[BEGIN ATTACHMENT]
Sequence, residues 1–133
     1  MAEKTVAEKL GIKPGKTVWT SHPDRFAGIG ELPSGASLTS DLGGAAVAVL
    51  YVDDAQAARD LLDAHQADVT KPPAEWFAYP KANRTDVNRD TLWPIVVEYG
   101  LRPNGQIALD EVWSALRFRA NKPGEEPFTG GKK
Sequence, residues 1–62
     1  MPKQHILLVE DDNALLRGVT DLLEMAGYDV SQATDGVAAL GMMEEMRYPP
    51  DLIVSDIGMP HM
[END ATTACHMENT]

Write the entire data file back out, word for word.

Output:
Sequence, residues 1–133
     1  MAEKTVAEKL GIKPGKTVWT SHPDRFAGIG ELPSGASLTS DLGGAAVAVL
    51  YVDDAQAARD LLDAHQADVT KPPAEWFAYP KANRTDVNRD TLWPIVVEYG
   101  LRPNGQIALD EVWSALRFRA NKPGEEPFTG GKK
Sequence, residues 1–62
     1  MPKQHILLVE DDNALLRGVT DLLEMAGYDV SQATDGVAAL GMMEEMRYPP
    51  DLIVSDIGMP HM